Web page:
A:

Moore's Law, framed by Intel co-founder Gordon Moore, continues to have a significant impact on the electronics sector as the fundamental principle that guides the course of modern computing and the semiconductor industry. The law is based on Moore's prediction that the number of components on a computer chip would double every two years. More accurately, Moore predicted that the number of transistors placed on a single square inch of an integrated circuit chip would double every two years.

Industry Implications of Moore's Law

Moore's Law was first published in Electronics magazine in 1965 when he was a founder and director of research at Fairchild Semiconductor. While he did not pay much heed to his own predictive statement, it continues to stand as a technological benchmark for the semiconductor industry. The importance of the law to semiconductor manufacturers is evident. The semiconductor manufacturing industry has created a predictive roadmap that spans nearly five decades from 1971 through 2020. This set of documents is titled "The International Technology Roadmap for Semiconductors." This roadmap was established by five geographic regions that represent nearly all chip manufacturers. Consequently, all decisions about future product releases and research efforts are based on the two-year window of Moore's Law.

Economic Implications of Moore's Law

One of the economic impacts of the law is that computing devices continue to show exponential growth in complexity and computing power while effecting a comparable reduction in cost to the manufacturer and the consumer. Interdisciplinary bodies such as the Materials Research Society continue to feature improvements and innovations in the process of chemical mechanical planarization, an abrasive cleaning technique used in manufacturing integrated circuits that optimizes the cost and efficiency of the chip. Consequently, the lowered cost of manufacturing and the increased reliability of new technology nodes has resulted in significant improvement in the equity and operating profits of the semiconductor industry and, as a result, the electronics sector.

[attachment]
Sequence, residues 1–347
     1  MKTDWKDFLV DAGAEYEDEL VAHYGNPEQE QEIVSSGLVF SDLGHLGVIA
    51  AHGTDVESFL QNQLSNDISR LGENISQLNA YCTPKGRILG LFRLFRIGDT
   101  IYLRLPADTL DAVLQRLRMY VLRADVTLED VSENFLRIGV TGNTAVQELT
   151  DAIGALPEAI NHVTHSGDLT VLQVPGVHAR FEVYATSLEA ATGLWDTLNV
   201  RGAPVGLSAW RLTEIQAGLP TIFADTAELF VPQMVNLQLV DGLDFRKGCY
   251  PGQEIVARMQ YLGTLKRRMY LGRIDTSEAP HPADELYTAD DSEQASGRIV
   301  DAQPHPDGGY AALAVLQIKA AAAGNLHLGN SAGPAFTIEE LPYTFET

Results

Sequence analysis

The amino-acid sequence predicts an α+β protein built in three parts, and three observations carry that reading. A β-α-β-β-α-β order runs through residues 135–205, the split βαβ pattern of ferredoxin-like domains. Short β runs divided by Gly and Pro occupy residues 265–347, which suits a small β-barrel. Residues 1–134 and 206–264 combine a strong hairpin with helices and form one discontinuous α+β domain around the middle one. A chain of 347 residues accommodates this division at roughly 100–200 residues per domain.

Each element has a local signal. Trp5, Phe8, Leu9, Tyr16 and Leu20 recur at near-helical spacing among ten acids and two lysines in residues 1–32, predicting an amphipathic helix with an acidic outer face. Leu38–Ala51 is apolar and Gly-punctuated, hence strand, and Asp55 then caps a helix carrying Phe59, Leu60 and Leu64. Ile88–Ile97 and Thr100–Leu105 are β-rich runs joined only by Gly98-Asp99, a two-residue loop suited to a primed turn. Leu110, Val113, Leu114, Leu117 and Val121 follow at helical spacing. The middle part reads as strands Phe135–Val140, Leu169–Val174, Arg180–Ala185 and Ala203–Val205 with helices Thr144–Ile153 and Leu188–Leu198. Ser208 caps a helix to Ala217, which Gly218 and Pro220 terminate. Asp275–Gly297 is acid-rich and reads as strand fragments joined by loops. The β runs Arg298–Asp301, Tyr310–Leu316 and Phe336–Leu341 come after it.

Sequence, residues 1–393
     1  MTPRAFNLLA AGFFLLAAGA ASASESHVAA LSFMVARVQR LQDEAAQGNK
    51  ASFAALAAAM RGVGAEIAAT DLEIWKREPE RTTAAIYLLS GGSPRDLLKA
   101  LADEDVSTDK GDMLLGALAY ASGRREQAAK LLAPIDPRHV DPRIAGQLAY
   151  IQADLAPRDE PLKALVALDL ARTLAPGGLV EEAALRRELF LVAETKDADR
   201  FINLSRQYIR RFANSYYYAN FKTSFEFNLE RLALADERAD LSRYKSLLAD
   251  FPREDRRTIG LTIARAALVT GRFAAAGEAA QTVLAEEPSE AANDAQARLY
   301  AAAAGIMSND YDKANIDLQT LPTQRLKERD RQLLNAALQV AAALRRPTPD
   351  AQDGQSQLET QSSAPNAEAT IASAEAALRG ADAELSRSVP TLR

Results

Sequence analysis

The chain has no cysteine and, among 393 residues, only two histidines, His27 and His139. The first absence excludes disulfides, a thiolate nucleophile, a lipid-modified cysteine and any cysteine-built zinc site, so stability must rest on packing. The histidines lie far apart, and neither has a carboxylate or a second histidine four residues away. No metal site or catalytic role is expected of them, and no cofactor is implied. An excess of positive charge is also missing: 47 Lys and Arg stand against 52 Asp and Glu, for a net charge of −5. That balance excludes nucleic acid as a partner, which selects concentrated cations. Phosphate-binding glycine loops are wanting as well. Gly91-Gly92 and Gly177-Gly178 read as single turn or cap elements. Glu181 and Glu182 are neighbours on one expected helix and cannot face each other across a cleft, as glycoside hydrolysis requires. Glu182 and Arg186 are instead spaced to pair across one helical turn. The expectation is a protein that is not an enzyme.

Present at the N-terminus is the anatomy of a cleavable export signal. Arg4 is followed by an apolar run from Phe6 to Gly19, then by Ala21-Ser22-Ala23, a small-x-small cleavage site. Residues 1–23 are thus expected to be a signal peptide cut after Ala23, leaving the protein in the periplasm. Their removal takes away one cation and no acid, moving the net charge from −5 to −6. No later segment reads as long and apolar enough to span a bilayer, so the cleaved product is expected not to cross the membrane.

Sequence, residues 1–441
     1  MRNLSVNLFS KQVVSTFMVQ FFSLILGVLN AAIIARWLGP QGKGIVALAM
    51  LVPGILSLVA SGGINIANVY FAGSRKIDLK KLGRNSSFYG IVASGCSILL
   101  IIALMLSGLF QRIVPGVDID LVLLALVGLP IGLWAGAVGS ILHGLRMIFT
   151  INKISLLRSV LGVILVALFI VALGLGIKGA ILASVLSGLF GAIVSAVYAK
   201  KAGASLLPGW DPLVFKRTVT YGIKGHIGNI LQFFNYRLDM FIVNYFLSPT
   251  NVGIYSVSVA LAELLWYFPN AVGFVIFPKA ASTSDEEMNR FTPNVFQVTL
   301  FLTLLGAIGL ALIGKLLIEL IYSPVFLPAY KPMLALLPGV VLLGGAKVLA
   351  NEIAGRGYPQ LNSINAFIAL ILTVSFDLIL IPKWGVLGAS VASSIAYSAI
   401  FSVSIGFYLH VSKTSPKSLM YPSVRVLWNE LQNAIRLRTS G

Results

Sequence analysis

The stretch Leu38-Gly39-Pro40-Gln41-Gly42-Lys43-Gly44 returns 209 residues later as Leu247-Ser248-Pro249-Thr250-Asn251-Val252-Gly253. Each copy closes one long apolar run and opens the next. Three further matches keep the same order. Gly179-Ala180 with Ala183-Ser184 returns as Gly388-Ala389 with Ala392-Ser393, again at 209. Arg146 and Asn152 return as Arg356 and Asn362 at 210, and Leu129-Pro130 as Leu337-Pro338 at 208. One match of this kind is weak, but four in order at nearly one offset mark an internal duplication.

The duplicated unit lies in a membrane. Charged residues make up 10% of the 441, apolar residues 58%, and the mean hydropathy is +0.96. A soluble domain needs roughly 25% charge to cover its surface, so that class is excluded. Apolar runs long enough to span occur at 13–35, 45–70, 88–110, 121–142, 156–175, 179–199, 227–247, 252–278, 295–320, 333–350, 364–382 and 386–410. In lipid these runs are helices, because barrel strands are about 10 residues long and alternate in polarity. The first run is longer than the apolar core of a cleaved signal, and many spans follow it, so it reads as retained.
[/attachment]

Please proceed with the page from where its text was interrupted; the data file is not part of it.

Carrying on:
The far-reaching implications of Moore's Law are seen in the growth of cloud computing and social media technologies, which require increased computing capabilities and are directly responsible for the demand for more components on a single chip. The economic relationship between equipment manufacturers that support the industry, chip manufacturers and the consumer market continues to be influenced by the industry's ability to keep pace with the conditions of Moore's Law.

The importance of this law is underlined by the fact that it has caused a technological migration from microelectronics to nanoelectronics and created an industry segment -- nanotechnology -- that is experiencing exponential growth. This migration has also resulted in exponential interest in new areas, including nanomaterials and new optimization technologies for semiconductor manufacture. Despite reports that the law may be "slowing down," it remains the guiding law of the industry today.

RELATED FAQS
  1. What commodities are the main inputs for the electronics sector?

    Explore the use of commodities in the electronics sector. Discover potential risks and opportunities presented by raw materials ... Read Answer >>
  2. What are some examples of inelastic goods and services that are not affected by the ...

    Find out how the laws of supply and demand function for goods and services considered highly inelastic, including goods not ... Read Answer >>